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Gustave Flaubert (1821-1880)

Biographical Information

Main Works

Selected Quotations


Biographical Information

  • French novelist, one of the central figures in the Realist movement; best known for his novel, Madame Bovary (1857), a critical portrayal of the life and values of the French middle classes; the novel caused a scandal and led to Flaubert being prosecuted for "immorality."

  • 1821, Gustave Flaubert born in Rouen, France; father surgeon, mother was doctor's daughter
  • 1836, passion for Elisa Schlésinger, a married woman eleven years his elder
  • 1840-41, studied law in Paris against his will, failed exams

  • 1843, nervous disease, gave up law, devoted himself to literature

  • 1846, death of father and sister Caroline; Flaubert retired to Croisset, near Rouen on the Seine, with his mother and infant niece; met poet Louise Colet at studio of painter James Pradier

  • 1847, walking tour of the Loire and Brittany's coast

  • 1849-51, travels with Maxime du Camp through the middle east, Egypt, Greece, Italy

  • 1855 end of relationship with Colet

  • philosophical influences: pessimism, nihilism; interest in the unknown; Alfred Le Poittevin, Spinoza, Herbert Spencer; science and religion as two poles of Flaubert's thought

  • friendships with George Sand, Ivan Turgenev, Émile Zola, Guy de Maupassant, Alphonse Daudet

  • against 'idées reçues' ("received ideas"); critical of bourgeois, middle class ideology and way of life, especially its narrow concern with money, social status, and personal aggrandizement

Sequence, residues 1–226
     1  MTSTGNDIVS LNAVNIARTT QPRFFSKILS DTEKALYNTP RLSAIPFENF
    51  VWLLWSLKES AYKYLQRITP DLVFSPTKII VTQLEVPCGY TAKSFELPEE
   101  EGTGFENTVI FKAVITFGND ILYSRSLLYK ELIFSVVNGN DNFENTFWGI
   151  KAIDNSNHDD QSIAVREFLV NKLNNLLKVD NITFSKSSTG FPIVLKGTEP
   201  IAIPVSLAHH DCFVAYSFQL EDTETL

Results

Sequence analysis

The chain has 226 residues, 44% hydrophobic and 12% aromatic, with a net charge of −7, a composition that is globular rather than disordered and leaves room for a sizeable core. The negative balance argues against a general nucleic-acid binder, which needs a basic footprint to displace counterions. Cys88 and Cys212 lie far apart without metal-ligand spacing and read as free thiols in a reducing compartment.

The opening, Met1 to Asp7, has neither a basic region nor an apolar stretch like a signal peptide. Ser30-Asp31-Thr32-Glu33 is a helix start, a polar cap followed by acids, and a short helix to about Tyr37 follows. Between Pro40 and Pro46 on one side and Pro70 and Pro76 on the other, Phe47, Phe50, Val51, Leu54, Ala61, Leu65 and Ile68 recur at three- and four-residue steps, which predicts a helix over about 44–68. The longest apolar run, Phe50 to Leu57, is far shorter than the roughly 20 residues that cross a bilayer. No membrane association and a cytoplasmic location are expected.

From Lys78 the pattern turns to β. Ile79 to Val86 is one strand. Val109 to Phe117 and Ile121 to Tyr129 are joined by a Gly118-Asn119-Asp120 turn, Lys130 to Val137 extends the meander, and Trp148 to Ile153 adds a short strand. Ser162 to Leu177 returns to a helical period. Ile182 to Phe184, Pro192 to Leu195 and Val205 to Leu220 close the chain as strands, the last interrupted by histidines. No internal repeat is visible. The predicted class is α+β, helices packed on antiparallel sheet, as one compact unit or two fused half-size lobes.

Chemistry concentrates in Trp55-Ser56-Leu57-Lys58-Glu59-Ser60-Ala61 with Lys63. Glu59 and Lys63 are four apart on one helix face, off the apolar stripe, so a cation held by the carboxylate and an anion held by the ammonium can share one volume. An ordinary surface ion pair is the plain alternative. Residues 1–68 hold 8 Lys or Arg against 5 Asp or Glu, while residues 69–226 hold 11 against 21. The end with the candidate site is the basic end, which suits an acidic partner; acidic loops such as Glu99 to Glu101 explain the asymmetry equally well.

• pursuit of perfection in true craftsmanship: "le seul mot juste" ("the only right word")

  • attempt to reach truth and create a beauty beyond conventional morality and social realities

  • combination of Romantic and anti-Romantic ideas coupled with a desire for objectivity and scientific detachment

Main Works

  • Diary of a Fool (Mémoires d'un fou) (1837), journal, tells of Flaubert's passion for Elisa Schlésinger, a married woman eleven years his elder, model for Marie Arnoux in L'Education sentimentale (1869-70)

  • Madame Bovary (1857), novel; life, loves, and death of Emma Bovary, a beautiful woman married to a small town doctor named Charles Bovary; dissatisfied with her marriage, Emma has a series of love affairs which eventually lead her to social disgrace, financial ruin, and suicide.

  • Salammbô (1862), setting of novel is ancient Carthage; about daughter of Carthaginian general Hamilcar; mercenaries revolt 240-237 BC, based on record of Greek historian Polybius (205-125 BC)

  • Sentimental Education (L'Education sentimentale) (1869-70), novel; story of Frédéric Moreau, a young lawyer infatuated with Madame Marie Arnoux; backdrop of the 1848 Revolution.

  • The Temptation of Saint Anthony (La Tentation de Saint Antoine) (1874), novel based on the life of an Egyptian hermit (251?–350?) said to have been tempted by the devil; Flaubert's ambition in this work was to create a French Faust; the work shows the influence of Spinoza's nihilism and of Herbert Spencer.

  • Three Tales (Trois Contes) (1877): "Un Coeur simple" ("A Simple Heart"), "La Légende de Saint Julien l'Hospitalier" ("The Legend of St. Julian the Hospitaler") and "Hérodias."

  • Bouvard and Pecuchet (Bouvard et Pécuchet) (1881), about two clerks who receive an inheritance, retire to the countryside, and engage in a series of misguided scientific experiments; Flaubert's attack on pseudo-science.

  • Through the Fields and Shores (Par les champs et par les grèves) (published posthumously, 1886), journal; observations on 1847 tour, with Maxime du Camp, of the Loire and coast of Brittany.
Selected Quotations
  • "Madame Bovary, c'est moi" ("Madame Bovary, that's me")

  • "The author, in his work, must be like God in the universe, present everywhere and visible nowhere."



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